Our institute is one of two mathematical oriented institutes in the Max Planck Society. We have approx. 130 scientists and PhD students which are working on a wide area of problems.
It is the institute's mission to do research work in the field of pure and applied mathematics and promote the interlinking of ideas between mathematics and the sciences in both directions. Experience in history shows that the fundamental problems of physics, chemistry, biology and other sciences have led to important new developments in mathematics while mathematics has had a profound impact on these fields of knowledge. For instance, Fourier's studies of the thermal conduction equations led to the development of the theory of Fourier series and in general to the creation of harmonic analysis. Beyond this, his practical work as a surveyor inspired Gauss, one of the greatest mathematicians of all times, to develop his theory of surfaces and differential geometry. That, in turn, forms the basis for Einstein's general relativity theory and the standard model in elementary particle physics today. Heisenberg's formulation of quantum mechanics also accelerated the development of functional analysis, especially the spectral theory for operators. Finally, the standard model of elementary particles is formulated in the setting of gauge field theories that are based upon a profound synthesis of physics, geometry (topology) and analysis.
The main fields of mathematical research at the Max Planck Institute for Mathematics in the Sciences are analysis, geometry, mathematical physics and scientific computing. A key research topic is the theory of non-linear partial differential equations. Its special focus encompasses
- Riemannian, Kählerian and algebraic geometry including their interrelation with modern theoretical physics
- mathematical models in material sciences (microstructures, micromagnetism, homogenisation, phase transitions, refraction phenomena, interfaces and thin films)
- continuum mechanics (the theory of elasticity and hydro- and gas dynamics)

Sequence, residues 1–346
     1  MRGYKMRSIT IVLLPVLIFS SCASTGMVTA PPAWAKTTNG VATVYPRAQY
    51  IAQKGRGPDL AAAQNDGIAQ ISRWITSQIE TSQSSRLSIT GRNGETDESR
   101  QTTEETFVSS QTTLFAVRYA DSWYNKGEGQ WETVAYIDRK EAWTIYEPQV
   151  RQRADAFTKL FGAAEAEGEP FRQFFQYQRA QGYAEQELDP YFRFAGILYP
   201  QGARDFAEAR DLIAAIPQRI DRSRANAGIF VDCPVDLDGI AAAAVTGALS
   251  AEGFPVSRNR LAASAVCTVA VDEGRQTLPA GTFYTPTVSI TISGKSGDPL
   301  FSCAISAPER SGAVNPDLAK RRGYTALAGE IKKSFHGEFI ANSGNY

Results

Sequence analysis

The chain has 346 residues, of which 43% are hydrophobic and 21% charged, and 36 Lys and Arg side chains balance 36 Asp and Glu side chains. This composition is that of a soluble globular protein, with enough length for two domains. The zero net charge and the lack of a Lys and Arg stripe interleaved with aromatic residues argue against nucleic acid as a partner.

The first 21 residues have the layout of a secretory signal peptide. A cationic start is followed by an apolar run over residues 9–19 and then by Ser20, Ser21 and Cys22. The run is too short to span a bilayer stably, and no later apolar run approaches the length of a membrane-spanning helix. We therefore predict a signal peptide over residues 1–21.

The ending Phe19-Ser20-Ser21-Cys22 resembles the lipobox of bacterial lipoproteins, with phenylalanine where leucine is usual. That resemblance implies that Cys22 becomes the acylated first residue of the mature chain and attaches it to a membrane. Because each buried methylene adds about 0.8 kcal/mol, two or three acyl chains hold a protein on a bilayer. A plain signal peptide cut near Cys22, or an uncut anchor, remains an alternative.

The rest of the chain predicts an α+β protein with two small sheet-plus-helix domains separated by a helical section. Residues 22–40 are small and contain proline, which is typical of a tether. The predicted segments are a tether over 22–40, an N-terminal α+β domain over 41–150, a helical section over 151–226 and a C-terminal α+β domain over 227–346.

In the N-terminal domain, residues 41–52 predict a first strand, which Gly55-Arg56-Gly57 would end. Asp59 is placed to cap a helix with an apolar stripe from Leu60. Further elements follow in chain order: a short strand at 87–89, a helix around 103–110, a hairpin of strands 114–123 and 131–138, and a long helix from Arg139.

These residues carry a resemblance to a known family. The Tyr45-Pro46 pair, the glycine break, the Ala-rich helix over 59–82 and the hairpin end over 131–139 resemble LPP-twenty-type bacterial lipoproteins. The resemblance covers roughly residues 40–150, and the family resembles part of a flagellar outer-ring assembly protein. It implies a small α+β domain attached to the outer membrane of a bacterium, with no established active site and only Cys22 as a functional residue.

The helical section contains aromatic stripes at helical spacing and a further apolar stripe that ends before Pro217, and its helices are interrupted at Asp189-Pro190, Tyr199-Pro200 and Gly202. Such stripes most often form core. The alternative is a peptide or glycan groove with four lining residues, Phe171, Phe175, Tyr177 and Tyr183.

- many-particle systems in statistical physics and neural networks
- general relativity theory and quantum field theory
- problems of mathematical biology
- scientific computing
Most of these mathematical models typically lead to partial differential equations with strong non-linearities whose solutions have singularities or describe complicated oscillation and concentration effects. In practice, these mathematical effects correspond to shock waves, turbulence, material defects or microstructures that are seen under the microscope. In order to understand these phenomena, it is necessary to develop analytical tools which allow one to identify the significant mathematical objects. Co-operation between mathematics and modern sciences includes a wide range of topics incorporating both areas with a strong interaction with mathematics such as statistical physics, elementary particle physics, cosmology, celestial mechanics or continuum mechanics, and fields of research that are only at the beginning of their mathematisation such as a myriad of questions of material sciences or biology. The institute has only a few long-term positions for academics. As in other international mathematical research institutes, it has a predominant programme of guests that is open to mathematicians from all countries of the world. Guests may come to the institute for a maximum of two years to work on a variety of research areas. Leading scientists are invited at regular intervals to occupy an outstanding position at the institute as the Sophus-Lie guest research professor.